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Pregnancy Problems

During pregnancy, your health is number one priority. That’s why we went straight to top pregnancy health experts for all the details you want to know about the most common pregnancy problems. In our pregnancy problems guide, you can read about a slew of pregnancy conditions – everything from hemorrhoids to gestational diabetes. Find out what any pregnancy symptom could possibly mean (are you swollen just because you’re expecting, or is it a sign of some complication?) and find out whether or not it’s worth a call to your OB. If you already know you’ve got a pregnancy complication or health condition, our comprehensive articles will give you the scoop on its causes and how it can affect you and baby. Plus, get treatment tips straight from medical experts and pregnant women like you. Yup, we've got answers to all your questions about pregnancy health problems right here!

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Graves' Disease During Pregnancy

If you have Graves' Disease, you probably want to know how your condition will affect you and baby throughout pregnancy. We've got answers.

What is Graves’ disease during pregnancy?

Graves’ disease describes a constellation of symptoms that affect several parts of your body, most notably the thyroid. Doctors call it an autoimmune disorder, since the body essentially attacks itself (rather than a bacteria or virus). Your thyroid is an important gland, and its job is to make hormones that regulate energy levels. With Graves’ disease, the immune system causes the thyroid to be overactive, making more hormones than you really need (aka hyperthyroid). That, in turn, accelerates every function in your body, from your heart rate to how quickly you digest a hamburger.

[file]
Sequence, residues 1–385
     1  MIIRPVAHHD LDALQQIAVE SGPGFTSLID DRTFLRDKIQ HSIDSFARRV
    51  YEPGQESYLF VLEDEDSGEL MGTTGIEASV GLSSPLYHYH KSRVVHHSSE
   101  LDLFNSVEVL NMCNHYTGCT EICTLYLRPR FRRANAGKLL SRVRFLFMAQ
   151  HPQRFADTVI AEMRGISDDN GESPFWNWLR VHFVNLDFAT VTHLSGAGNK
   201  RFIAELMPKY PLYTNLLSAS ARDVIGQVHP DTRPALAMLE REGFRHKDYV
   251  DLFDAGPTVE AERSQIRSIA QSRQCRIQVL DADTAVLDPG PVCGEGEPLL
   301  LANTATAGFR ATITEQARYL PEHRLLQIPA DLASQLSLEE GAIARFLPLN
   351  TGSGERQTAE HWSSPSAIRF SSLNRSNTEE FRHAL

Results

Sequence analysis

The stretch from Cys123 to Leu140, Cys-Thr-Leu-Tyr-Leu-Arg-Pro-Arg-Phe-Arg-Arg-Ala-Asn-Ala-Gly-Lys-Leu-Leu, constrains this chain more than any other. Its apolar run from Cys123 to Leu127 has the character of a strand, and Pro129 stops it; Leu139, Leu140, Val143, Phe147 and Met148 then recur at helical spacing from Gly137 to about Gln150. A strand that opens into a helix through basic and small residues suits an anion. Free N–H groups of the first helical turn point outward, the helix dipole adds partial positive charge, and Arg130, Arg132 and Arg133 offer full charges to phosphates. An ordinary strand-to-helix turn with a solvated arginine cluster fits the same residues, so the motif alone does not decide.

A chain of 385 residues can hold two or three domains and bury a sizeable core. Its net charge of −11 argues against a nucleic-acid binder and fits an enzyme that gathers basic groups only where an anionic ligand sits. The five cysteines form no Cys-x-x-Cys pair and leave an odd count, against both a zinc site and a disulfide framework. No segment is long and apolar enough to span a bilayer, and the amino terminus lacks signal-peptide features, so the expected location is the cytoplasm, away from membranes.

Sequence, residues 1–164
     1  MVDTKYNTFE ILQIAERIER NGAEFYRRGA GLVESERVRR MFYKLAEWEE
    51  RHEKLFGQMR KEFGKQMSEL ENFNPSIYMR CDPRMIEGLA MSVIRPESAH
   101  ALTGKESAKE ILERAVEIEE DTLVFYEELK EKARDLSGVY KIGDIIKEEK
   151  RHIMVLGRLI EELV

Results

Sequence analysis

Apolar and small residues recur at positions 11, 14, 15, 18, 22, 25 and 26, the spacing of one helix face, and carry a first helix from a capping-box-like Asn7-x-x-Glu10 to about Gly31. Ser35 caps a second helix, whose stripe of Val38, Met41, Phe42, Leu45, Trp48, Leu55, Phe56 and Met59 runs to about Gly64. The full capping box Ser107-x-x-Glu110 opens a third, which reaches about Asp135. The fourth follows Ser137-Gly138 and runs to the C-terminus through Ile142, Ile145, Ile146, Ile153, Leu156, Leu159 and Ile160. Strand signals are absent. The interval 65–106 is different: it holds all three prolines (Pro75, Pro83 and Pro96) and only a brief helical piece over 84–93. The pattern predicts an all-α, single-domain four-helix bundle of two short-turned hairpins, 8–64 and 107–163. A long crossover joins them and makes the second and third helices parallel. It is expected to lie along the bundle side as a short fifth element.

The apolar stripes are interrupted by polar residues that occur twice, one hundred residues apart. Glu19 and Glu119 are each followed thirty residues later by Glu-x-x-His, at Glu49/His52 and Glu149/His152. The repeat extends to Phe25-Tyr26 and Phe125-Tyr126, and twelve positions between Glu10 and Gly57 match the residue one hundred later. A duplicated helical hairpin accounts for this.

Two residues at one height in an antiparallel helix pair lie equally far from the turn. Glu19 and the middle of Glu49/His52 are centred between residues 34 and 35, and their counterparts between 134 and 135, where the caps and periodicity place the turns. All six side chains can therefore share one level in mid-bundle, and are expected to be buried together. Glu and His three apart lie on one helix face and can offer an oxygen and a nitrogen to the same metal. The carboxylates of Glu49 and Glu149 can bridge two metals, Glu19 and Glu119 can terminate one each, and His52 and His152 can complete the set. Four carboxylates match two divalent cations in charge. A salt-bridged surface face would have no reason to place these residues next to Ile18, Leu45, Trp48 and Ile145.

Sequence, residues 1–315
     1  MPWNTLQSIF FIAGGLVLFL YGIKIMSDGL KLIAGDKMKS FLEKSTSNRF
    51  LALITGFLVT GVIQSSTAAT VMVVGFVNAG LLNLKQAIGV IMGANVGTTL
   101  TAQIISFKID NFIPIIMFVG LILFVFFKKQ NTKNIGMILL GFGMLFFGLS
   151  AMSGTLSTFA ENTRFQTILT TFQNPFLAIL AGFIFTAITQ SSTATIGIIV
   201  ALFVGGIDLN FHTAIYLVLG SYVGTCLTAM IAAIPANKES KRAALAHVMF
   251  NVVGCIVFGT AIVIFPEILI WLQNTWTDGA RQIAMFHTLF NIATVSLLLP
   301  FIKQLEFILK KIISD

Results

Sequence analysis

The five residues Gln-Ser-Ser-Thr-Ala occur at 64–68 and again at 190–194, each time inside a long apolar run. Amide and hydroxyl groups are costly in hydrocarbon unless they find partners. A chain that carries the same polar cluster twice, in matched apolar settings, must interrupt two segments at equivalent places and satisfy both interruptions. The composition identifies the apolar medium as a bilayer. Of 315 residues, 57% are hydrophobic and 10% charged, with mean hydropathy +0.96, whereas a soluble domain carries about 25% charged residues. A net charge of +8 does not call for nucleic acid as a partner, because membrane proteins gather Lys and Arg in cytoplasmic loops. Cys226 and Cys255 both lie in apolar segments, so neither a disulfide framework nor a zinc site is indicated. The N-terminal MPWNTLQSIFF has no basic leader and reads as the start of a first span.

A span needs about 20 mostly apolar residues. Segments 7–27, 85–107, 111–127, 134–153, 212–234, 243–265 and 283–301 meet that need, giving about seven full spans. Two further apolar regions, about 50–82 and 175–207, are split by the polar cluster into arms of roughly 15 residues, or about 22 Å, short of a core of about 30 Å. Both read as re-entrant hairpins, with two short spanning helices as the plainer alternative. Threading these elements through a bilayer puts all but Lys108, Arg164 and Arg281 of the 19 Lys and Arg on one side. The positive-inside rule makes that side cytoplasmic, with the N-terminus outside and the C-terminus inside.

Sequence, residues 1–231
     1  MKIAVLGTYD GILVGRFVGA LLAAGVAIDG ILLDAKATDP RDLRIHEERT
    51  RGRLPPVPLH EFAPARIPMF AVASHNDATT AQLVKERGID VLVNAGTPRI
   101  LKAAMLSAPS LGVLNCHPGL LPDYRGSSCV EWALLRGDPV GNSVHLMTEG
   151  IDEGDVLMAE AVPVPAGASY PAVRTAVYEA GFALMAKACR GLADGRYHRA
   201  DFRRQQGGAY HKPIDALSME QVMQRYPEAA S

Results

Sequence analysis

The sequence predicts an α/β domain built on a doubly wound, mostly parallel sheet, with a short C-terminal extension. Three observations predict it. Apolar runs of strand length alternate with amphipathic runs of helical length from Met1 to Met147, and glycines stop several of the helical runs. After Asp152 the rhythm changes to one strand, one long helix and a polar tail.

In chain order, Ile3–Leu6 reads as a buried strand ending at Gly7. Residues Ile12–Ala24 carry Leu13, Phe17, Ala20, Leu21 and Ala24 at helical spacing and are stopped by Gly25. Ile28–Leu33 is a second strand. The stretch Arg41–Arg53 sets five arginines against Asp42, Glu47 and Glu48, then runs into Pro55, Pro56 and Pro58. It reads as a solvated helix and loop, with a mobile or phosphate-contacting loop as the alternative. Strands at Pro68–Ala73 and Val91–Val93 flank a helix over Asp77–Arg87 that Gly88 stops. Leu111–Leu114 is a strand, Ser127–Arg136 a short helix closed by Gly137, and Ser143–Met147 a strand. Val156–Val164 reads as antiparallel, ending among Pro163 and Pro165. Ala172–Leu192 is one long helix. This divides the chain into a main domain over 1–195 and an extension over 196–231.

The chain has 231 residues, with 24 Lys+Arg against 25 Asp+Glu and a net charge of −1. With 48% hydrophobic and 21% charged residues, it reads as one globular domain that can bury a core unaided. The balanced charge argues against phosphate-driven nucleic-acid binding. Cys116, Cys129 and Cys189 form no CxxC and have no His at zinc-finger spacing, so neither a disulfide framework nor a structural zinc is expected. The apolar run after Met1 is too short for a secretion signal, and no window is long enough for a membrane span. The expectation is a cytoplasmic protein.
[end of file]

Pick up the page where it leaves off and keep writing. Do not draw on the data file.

What are the signs of Graves’ disease during pregnancy?

There are a wide range of possible symptoms, including a goiter (enlarged thyroid, which is located on the front of your neck),trouble sleeping, hand tremors, a rapid heartbeat, frequent bowel movements, fatigue or muscle weakness, weight loss, irritability and heat sensitivity with increased sweating. In addition, some people develop inflamed tissue behind the eyes, which can cause them to bulge, as well as reddening or thickening of the skin, usually on the shins and the top of the feet.

Are there any tests for Graves’ disease during pregnancy?

Normally, your doctor would administer a blood test that measures thyroid function (whether you’re producing the right range of thyroid hormones) or searches for certain antibodies, but it can be difficult to diagnose Graves’ during pregnancy, since some of the symptoms match what’s naturally taking place in your body because you’re expecting (like fatigue and excess heat). And a more definitive test called a radioactive iodine uptake test (which measures how much iodine the thyroid uses) isn’t safe to give during pregnancy.

How common is Graves’ disease?

Women develop Graves’ disease 5 to 10 times more often than men, and the condition usually first starts in your 20s or 30s. An estimated 30 out of every 100,000 people develop Graves’ each year. It’s not likely that you’ll first develop Graves’ during pregnancy (in fact, symptoms frequently calm down at that point), but it may be discovered for the first time then since you’re already likely undergoing a battery of other tests.

How did I get Graves’ disease?

There’s often a genetic connection, so your mom or grandmother might have also had Graves’ or another autoimmune thyroid disease. Other potential factors include stress and infection.

How will Graves’ disease affect my baby?

Left untreated, Graves’ disease can have serious health consequences for your baby, so it’s important to get the right diagnosis and treatment. Otherwise, she may be at risk for thyroid problems, brain development issues, low birth weight and preterm birth. You may also be at higher risk for preeclampsia, placental abruption or miscarriage. In addition, because Graves’ is an autoimmune disorder, the antibodies that create the condition can travel through the placenta and hurt the baby. Your doctor may measure your antibody levels and closely monitor the baby for any effects.

See Next Page for treatments and resources.

-- Vera T. Fajtova, MD, endocrinologist at Harvard Vanguard Medical Associates in Boston and assistant professor of clinical medicine at Harvard University

 

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